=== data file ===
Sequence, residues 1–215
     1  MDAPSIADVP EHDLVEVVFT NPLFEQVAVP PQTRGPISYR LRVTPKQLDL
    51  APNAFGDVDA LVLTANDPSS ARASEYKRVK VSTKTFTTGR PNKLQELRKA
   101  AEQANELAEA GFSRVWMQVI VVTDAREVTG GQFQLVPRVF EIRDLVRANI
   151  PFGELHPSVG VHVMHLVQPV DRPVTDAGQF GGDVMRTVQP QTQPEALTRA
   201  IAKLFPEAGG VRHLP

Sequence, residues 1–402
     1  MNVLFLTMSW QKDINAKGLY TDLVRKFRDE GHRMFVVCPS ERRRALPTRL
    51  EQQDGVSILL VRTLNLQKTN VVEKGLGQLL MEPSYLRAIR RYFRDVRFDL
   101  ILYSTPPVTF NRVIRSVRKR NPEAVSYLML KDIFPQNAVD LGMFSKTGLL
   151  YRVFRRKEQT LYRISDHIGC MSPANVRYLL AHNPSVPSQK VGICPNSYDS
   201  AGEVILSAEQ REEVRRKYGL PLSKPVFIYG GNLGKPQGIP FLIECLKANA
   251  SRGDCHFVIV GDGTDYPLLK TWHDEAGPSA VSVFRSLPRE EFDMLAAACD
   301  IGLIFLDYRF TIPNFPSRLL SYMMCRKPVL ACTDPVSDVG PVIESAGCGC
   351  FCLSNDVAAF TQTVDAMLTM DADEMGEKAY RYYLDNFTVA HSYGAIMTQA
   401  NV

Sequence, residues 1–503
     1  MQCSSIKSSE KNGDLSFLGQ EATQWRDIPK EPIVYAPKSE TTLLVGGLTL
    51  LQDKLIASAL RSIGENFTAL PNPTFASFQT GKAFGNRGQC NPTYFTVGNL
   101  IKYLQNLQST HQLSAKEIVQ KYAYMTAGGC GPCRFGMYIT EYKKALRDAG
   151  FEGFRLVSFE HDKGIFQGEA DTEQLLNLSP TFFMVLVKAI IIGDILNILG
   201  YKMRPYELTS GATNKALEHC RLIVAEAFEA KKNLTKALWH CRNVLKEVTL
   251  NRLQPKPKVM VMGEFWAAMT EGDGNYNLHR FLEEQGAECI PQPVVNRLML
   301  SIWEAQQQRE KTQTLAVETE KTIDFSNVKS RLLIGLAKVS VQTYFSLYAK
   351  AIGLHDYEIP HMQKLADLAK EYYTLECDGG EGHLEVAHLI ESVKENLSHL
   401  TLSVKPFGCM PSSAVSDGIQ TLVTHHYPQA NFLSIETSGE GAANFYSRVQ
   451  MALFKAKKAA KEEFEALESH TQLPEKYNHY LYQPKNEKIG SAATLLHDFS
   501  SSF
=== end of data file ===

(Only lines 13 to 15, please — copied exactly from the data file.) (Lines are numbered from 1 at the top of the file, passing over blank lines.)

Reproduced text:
   251  SRGDCHFVIV GDGTDYPLLK TWHDEAGPSA VSVFRSLPRE EFDMLAAACD
   301  IGLIFLDYRF TIPNFPSRLL SYMMCRKPVL ACTDPVSDVG PVIESAGCGC
   351  FCLSNDVAAF TQTVDAMLTM DADEMGEKAY RYYLDNFTVA HSYGAIMTQA